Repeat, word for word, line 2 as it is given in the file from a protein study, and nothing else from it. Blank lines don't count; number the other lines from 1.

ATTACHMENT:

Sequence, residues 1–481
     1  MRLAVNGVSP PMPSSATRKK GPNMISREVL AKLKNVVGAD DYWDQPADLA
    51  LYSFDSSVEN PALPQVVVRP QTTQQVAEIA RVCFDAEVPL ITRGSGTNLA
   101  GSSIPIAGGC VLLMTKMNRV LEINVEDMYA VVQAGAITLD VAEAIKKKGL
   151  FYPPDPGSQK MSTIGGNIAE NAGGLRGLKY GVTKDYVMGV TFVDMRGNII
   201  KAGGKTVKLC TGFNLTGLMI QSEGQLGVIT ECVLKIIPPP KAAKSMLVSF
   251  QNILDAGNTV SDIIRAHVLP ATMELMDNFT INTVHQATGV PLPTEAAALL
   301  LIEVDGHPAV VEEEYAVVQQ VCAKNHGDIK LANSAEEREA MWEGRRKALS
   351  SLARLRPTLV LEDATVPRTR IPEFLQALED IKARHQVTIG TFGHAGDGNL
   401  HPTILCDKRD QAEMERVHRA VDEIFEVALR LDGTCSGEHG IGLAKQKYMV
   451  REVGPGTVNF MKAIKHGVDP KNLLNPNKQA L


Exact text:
     1  MRLAVNGVSP PMPSSATRKK GPNMISREVL AKLKNVVGAD DYWDQPADLA